ABS and climate change's impact on utilities

ABS Group warns of escalating climate change impacts on critical infrastructure, including energy
The impact of climate change on critical infrastructure security should change how operators look at safeguarding critical infrastructure, ABS Group says

As highlighted by ABS Group, increasing extreme weather events are bringing with them heavier loads than the existing infrastructure was originally designed for. Facility operators are facing a growing requirement to review and re-assess the wider risks associated with climate change and the increased hazards it represents. Requirements to adapt and reconsider appropriate management of safety margins mean that existing hazard profiles will need to be reassessed and new hazards identified and reviewed. Plant safety will need to be increasingly improved, maintained, and continually monitored as we move forward.

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Here, the group warns of escalating climate change impacts on critical infrastructure, including energy, and how its consequences like changing climate and more intense extreme weather events pose risks to the infrastructure's safety and efficiency.

Mitigating the increased risk of climate change impact on the UK and Europe’s critical infrastructure 

In its March 2023 report, the UK’s Intergovernmental Panel on Climate Change (IPCC) predicted that the UK will face increasingly intense extreme weather events leading to adverse impacts on nature and people. 

The research points to the growing prospect that, as with other areas globally, climate change is resulting in the UK’s extreme weather events becoming more extreme. Winds are becoming stronger and rains are getting heavier, resulting in more frequent flash flooding events. In addition, future predictions show more frequent and higher intensity storms with an increased risk of coastal flooding due to rising sea levels. 

While climate change is not a new phenomenon — the world’s climate has been changing since the dawn of time — what is new, and even alarming, is the rate of change and the new challenges it is bringing to critical infrastructure, including energy, transport, water, waste, and digital communication assets.

Climate change impact

A recent study by the Met Office showed that during rainfall events in the UK, the intensity of downpours may increase by 5 to 15% per degree of regional warming, meaning a greater intensity of rainfall in excess of 20mm/hour.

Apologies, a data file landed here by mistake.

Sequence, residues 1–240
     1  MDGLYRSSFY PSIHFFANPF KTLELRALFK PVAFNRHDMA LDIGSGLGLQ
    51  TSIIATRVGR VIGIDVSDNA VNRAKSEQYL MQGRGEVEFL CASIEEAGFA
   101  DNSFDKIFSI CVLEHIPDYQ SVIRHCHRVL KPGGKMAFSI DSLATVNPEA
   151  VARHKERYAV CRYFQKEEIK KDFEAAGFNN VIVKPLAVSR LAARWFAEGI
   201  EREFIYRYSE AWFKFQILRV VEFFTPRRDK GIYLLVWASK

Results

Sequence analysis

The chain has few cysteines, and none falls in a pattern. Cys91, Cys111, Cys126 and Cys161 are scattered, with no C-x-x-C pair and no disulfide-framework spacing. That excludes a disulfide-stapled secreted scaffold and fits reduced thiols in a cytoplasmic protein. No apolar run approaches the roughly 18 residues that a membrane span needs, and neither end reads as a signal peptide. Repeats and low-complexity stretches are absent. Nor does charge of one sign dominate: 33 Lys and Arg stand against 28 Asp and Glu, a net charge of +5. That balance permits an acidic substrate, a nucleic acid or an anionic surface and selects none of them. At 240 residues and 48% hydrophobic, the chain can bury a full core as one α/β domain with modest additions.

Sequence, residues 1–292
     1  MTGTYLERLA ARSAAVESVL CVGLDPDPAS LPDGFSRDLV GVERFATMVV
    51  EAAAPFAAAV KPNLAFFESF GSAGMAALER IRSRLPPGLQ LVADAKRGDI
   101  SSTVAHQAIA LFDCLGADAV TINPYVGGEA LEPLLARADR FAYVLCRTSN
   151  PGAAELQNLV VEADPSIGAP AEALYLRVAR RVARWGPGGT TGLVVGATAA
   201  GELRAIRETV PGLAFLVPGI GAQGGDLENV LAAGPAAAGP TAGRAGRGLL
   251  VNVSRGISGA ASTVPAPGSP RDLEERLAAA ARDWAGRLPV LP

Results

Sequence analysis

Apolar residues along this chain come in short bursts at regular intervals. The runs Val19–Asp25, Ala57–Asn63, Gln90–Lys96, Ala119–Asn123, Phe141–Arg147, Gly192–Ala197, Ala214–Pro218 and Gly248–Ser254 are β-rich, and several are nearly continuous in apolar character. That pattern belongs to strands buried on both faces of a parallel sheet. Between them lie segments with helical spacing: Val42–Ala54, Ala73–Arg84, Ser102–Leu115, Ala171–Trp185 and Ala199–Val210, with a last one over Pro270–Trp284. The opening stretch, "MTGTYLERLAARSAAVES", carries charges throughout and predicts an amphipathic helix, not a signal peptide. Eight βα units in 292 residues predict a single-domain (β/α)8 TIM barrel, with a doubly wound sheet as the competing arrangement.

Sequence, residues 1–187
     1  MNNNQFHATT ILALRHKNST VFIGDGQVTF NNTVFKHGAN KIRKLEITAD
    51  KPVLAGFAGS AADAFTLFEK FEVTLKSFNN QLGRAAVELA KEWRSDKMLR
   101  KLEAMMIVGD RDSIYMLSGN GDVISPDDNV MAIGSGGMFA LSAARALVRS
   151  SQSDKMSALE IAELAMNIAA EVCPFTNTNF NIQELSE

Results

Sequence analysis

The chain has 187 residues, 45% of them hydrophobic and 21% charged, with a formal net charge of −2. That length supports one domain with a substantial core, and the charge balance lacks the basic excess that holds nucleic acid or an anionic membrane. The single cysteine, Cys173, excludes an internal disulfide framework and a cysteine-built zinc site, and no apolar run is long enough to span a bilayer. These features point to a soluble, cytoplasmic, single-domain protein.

Excess rainfall induces a greater likelihood of both fluvial and pluvial flooding as existing mitigation measures — building and surface water drainage systems and rivers — become rapidly overwhelmed. An example of an intense rainfall event with 20mm/hr occurred in London in July 2021, when 40mm of rain fell over three hours at Kew Gardens, leading to flash flooding which inundated the London underground system and other critical infrastructure.

The greatest changes in rainfall intensity for the UK are predicted to occur in the northwest of England and across Scotland, with future extreme rainfall events almost 10 times more frequent in Northwest Scotland by 2080 compared to the 1980s. In the south of England, the value is closer to three times more frequent. 

Of course, climate change effects are not exclusive to the UK. For example, during 2021 serious flooding in central Europe resulted in more than 200 fatalities and considerable damage to infrastructure, with estimated costs for Germany alone of around €4.5billion to €5.5bn (US$4.9bn to US$6.bn).

During 2022, many countries in Europe experienced a summer marred by extreme heat and drought conditions, immediately followed by severe thunderstorms. For the UK, the maximum recorded temperature rose above 40°C for the first time, whilst the climatic conditions saw wildfires in Europe burn two and a half times more area than the annual average over the last 15 years.

In 2023, the North Italian region of Emilia-Romagna experienced severe flooding following three separate heavy rainfall events within the month of May. The National Centers for Environmental Information (NOAA) identified that every month of 2022 ranked among the ten warmest recorded for that month, and that the 10 warmest years within the historical records have all occurred since 2010. These high temperatures brought heatwaves and wildfires to some countries, whilst simultaneously bringing deluges and heavy rain episodes to others. 

Looking ahead to 2050, the independent Climate Change Committee (CCC) anticipates that the UK will experience warmer and wetter winters, drier and hotter summers and continued rises in sea levels. It is projected that by 2050, approximately a third of England’s coastline will be under pressure from flood risks. These findings mirror those of UK Climate Projections (UKCP18), which identifies a trend towards a greater probability of more rainfall in the winter with less rainfall in the summer. For both temperature and rainfall, the changes are much larger if greenhouse gas emissions are assumed to continue to increase uncontrolled.

The potential impact of climate change on critical infrastructure security, both today and into the future, should change the way operators look at safeguarding critical infrastructure. Risk levels are ramping up, especially where the ageing infrastructure of current sites is concerned. The speed of change is already causing existing design review periods to be reconsidered.

Increasing extreme weather events are bringing with them heavier loads than the existing — and in some cases, ageing — infrastructure was originally designed for. Facility operators are facing a growing requirement to review and re-assess the wider risks associated with climate change and the increased hazards it represents. Requirements to adapt and reconsider appropriate management of safety margins mean that existing hazard profiles will need to be reassessed and new hazards identified and reviewed. Plant safety will need to be increasingly improved, maintained, and continually monitored as we move forward.